I’m involved with a number of standards efforts. From the broad range of emergency management standards on the OASIS EDXL track (OASIS Emergency Management Technical Committee) to sitting on the Canadian ISO mirror (Standards Council of Canada) I spend probably 5-10% of my working time on standards. It takes a large portion of my time but it is worth it both personally as Darrell O’Donnell, and corporately as Continuum Loop. However, the volunteer workload gets to the point at times that I have to ask myself why – and others ask the same question? So I have been doing some thinking about Why…

Well, it is largely because I get annoyed – too many people complain about problems but don’t step to Fix It!. There are certainly a lot of flawed standards – but they make interoperability possible – not perfect – but possible. If you haven’t used them then you have no right to complain that they are too complex, too simple (even in the same standard) or too domain specific – or any of the other rants and raves that go on.

If you’re willing to put up with a lot of work for incremental improvements then step up and join a standard. Whether that is a (relatively) fast moving standard group like OASIS (www.oasis-open.org) or a slower but more international group like ISO you will learn. You’ll also benefit from working with experts. These experts donate their time and are more than happy to provide ideas, guidance, and leadership.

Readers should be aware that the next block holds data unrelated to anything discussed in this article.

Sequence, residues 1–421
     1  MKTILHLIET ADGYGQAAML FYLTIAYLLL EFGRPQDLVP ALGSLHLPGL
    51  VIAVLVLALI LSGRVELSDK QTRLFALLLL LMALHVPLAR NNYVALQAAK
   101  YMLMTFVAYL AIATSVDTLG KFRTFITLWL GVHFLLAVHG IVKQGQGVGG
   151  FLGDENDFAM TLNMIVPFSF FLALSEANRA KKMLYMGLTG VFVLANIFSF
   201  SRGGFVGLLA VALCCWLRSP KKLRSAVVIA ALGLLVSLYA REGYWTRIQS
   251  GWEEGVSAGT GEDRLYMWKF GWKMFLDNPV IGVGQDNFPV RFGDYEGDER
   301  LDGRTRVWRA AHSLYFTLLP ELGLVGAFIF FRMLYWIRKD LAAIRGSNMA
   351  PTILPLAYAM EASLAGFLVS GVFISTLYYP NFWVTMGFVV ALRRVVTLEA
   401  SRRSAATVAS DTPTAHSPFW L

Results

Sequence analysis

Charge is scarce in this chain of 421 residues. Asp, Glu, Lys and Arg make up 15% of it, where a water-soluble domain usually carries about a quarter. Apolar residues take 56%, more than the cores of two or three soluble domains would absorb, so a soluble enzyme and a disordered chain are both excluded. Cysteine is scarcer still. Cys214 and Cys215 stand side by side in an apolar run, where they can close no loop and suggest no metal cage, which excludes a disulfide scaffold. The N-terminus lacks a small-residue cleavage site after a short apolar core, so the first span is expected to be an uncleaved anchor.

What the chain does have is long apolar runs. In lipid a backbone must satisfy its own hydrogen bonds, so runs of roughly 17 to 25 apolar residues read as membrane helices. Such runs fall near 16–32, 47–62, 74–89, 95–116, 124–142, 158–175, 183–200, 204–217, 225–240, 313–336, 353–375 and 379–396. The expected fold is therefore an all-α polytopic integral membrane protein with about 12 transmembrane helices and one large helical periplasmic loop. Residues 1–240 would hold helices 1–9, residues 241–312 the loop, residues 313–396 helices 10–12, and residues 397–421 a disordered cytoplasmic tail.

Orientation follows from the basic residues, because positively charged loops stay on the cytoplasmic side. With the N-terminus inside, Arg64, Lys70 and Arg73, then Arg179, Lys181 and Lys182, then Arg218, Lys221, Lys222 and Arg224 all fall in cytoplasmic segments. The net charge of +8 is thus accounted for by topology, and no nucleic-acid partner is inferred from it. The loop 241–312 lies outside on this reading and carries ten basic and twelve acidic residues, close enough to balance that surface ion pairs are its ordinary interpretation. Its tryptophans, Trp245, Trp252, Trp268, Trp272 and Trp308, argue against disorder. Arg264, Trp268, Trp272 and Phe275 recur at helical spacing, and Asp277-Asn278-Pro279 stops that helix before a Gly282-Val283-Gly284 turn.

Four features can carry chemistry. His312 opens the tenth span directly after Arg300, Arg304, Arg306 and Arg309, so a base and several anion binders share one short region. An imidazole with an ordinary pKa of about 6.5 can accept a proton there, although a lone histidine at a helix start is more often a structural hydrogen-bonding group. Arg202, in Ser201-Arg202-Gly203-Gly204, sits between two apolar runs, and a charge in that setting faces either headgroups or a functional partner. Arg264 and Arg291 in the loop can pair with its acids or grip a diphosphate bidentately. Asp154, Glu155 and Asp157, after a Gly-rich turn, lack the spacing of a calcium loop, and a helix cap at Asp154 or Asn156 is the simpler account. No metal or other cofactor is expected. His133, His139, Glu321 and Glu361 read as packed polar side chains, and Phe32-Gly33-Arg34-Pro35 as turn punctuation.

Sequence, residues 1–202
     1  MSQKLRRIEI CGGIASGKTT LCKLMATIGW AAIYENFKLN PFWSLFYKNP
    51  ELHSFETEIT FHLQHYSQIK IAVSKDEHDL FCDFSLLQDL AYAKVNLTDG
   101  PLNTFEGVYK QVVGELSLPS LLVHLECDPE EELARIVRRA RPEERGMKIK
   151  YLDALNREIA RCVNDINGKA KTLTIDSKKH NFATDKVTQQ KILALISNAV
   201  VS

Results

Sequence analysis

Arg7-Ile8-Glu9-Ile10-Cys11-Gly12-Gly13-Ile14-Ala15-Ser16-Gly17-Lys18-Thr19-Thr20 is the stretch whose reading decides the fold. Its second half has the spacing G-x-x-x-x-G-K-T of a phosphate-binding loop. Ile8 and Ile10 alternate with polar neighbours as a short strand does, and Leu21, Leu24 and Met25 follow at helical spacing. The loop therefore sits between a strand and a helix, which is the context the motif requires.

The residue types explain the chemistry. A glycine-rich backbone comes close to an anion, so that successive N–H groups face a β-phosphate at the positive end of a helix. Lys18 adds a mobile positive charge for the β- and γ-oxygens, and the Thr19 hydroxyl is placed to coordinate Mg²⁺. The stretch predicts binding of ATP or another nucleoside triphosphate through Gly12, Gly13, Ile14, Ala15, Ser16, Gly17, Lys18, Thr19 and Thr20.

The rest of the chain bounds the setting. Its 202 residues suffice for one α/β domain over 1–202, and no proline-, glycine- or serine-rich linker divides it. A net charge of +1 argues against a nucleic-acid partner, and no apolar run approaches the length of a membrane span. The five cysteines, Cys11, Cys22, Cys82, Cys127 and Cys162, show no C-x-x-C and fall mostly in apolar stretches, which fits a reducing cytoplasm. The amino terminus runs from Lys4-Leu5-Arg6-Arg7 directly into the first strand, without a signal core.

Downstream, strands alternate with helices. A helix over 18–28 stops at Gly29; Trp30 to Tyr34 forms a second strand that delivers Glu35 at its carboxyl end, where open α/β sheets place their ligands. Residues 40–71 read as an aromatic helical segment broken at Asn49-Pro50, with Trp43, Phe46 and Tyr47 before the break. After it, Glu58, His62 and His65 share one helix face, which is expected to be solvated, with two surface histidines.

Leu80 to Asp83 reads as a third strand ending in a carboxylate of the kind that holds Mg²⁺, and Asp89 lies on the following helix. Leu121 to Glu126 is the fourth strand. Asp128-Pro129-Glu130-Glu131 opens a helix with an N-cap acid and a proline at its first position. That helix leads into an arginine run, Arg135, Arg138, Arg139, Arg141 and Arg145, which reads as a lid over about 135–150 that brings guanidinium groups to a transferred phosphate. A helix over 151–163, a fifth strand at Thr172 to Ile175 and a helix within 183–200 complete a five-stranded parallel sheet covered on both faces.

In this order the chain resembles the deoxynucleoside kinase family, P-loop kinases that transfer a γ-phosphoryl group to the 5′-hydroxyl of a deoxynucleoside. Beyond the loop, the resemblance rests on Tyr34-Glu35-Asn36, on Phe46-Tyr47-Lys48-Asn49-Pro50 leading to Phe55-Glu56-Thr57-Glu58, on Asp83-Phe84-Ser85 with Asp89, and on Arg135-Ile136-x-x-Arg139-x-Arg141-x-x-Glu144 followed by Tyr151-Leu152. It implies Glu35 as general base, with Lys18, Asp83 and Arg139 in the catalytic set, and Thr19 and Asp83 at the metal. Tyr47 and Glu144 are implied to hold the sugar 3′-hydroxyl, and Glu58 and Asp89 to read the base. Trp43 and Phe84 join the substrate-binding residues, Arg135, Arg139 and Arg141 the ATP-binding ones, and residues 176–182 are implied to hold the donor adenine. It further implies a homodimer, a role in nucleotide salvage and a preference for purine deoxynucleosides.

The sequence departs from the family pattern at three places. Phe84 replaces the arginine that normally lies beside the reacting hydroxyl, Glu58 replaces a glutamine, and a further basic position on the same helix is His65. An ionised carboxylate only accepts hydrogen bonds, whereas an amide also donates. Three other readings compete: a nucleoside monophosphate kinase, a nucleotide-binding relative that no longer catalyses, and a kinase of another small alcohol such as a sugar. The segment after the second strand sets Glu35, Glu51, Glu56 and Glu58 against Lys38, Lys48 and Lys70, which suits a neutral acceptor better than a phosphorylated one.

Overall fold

The hard part…

I’ll warn you – the hard part about standards is that there are so many areas that need attention. Working with world class folk is awesome – it is energizing, fulfilling, and challenging. Engaging with your peers is one of the best parts of being a professional – it makes you better on so many levels. However, it is way too easy to spread yourself too thin – so make sure that if you’re stepping up as a full member you have the time. I have had to step back after realizing that I had jumped in on too many areas. If you can’t commit about a 1/2 day a week and just want to be aware of things perhaps being an observer (official or unofficial) would work? However, if you see an area that you can assist on, reach out – under the rules of engagement that each standards organization provides.

“It’s up to you” – Marcus Aurelius

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